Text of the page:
In fact, as will be discussed in this essay, Shakespeare’s comprehensive soul has made him comprehend a lot of things related to the problem of race, his comprehensiveness has become an impartial attitude toward races, and his soul has created a racial vision bespeaking his comprehensiveness most impressively. II. Racial Personae We have mentioned five characters (Aaron, Shylock, Othello, Cleopatra, and Caliban) from five plays (Titus Andronicus, The Merchant of Venice, Othello, Antony and Cleopatra, and The Tempest) as Shakespeare’s dramatis personae that may have something to do with race and racism.

But the five characters do not exhaust Shakespeare’s racial personae. In The Merchant of Venice, at least, we have two other Jews (Shylock’s daughter Jessica and his friend Tubal) and one or two Moors (the Prince of Morocco and the Moor mentioned in passing whom Launcelot Gobbo made big with child), who either directly or indirectly help make up Shakespeare’s racial vision. If we count also Aaron’s black baby by Tamora and Caliban’s hag mother Sycorax (who is also not presented but mentioned in the play), then Shakespeare’s racial personae may be said to be above ten.

Of the eleven racial personae, only four are female (Jessica, Cleopatra, Sycorax, and Launcelot’s Moor), but they are enough to connect race with gender. Among the eleven characters, again, we find three Jews (Shylock, Jessica, and Tubal), five Moors (Aaron and his baby, the Prince of Morocco, Launcelot’s woman, and Othello), one Egyptian (Cleopatra), and two Algerians (Caliban and his mother Sycorax, since she is said to be from Argier).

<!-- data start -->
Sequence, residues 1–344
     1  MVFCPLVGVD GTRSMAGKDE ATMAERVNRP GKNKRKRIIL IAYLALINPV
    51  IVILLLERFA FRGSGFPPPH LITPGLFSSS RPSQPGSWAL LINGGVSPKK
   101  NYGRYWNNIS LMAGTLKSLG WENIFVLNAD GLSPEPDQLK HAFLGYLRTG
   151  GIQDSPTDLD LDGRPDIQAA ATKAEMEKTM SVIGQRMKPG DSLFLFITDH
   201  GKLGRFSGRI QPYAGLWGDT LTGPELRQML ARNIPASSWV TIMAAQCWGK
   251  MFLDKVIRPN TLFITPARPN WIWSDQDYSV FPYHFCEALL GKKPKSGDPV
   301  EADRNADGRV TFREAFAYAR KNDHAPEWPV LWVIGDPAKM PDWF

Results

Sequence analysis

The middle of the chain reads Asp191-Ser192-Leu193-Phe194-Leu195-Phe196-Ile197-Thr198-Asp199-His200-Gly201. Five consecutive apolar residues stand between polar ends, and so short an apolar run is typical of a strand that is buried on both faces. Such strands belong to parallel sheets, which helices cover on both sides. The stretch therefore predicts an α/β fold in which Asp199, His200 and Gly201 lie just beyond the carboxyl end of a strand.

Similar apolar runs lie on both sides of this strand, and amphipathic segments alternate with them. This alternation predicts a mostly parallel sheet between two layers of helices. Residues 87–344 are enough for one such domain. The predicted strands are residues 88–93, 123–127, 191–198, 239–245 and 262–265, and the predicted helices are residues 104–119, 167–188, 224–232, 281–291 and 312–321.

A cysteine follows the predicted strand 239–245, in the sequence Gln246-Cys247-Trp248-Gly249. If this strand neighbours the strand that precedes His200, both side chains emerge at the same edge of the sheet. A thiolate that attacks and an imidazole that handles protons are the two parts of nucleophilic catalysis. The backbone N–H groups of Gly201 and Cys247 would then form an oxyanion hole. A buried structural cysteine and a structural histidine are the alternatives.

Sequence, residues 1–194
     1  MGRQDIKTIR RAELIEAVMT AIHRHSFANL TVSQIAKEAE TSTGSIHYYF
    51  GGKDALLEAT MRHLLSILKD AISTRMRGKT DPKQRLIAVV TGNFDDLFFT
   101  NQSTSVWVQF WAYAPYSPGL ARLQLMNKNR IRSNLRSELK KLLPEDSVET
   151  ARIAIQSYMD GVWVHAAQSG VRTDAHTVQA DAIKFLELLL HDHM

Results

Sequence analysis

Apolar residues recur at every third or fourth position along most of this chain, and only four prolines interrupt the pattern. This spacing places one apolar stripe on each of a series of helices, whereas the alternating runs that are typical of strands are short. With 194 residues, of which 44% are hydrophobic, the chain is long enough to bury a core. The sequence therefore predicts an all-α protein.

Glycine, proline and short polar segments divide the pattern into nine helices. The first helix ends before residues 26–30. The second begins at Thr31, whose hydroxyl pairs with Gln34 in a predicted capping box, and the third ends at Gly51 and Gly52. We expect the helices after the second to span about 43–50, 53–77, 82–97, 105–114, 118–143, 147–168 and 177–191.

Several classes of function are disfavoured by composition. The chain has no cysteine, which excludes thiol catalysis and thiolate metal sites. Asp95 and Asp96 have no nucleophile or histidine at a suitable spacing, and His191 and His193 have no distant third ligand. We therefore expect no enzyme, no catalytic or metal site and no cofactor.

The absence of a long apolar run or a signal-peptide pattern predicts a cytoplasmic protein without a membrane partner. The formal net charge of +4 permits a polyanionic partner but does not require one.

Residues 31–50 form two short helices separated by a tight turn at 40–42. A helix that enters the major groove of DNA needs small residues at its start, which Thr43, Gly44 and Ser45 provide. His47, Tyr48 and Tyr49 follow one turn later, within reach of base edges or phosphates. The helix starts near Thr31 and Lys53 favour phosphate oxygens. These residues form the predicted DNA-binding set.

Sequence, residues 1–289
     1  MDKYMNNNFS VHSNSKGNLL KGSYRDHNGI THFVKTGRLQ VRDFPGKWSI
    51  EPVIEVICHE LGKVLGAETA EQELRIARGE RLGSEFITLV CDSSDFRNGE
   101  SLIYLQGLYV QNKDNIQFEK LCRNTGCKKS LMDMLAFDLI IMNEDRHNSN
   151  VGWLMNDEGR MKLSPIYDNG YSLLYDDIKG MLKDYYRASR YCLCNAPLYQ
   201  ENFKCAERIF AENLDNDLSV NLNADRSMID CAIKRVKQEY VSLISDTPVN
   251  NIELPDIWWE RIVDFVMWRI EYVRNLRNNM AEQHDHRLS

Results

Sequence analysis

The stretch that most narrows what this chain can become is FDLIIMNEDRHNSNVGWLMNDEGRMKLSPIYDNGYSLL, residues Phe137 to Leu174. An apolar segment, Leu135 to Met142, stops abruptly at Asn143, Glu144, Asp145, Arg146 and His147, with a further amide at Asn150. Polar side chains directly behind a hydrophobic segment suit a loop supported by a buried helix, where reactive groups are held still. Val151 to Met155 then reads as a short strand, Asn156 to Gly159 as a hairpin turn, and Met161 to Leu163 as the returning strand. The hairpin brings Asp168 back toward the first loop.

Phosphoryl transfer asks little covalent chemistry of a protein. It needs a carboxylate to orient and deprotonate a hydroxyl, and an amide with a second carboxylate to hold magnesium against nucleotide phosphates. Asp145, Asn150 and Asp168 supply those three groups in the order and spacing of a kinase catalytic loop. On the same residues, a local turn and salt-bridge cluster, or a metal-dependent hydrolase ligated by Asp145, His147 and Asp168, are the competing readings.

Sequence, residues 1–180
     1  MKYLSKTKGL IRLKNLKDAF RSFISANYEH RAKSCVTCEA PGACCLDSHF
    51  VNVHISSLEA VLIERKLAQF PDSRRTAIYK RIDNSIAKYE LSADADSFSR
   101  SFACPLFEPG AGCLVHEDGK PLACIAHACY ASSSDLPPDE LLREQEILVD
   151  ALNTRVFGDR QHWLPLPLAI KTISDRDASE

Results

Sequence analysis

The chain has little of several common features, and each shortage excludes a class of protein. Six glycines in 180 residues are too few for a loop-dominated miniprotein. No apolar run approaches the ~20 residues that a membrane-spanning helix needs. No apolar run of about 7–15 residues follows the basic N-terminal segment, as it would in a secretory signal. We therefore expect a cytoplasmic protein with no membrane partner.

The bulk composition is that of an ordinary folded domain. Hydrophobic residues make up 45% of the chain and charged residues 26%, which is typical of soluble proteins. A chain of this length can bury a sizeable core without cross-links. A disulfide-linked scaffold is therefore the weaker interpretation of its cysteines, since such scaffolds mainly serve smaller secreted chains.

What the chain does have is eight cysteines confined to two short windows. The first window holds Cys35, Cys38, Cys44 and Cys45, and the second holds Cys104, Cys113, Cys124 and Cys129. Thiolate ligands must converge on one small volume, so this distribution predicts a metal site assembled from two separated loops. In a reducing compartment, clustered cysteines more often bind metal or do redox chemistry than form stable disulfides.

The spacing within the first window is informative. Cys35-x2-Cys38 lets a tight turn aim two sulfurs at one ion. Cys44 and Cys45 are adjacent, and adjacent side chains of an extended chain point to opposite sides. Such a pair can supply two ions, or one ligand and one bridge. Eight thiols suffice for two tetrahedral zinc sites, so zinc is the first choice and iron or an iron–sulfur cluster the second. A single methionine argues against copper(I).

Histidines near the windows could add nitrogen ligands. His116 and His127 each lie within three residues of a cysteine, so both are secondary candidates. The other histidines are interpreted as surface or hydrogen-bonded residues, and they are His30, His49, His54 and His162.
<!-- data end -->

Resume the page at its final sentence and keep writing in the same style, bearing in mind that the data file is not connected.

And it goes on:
Up to Shakespeare’s time, as we know, any race that was non-Greek, non-Roman, or non-Christian was thought to be barbarous. So, all of the characters would have been considered barbarous if none of them had converted to Christianity (like Jessica and Othello) or had been born of nobility (like Cleopatra or the Prince of Morocco). Anyway, in Shakespeare’s vision race is also linked to religion and class, besides gender.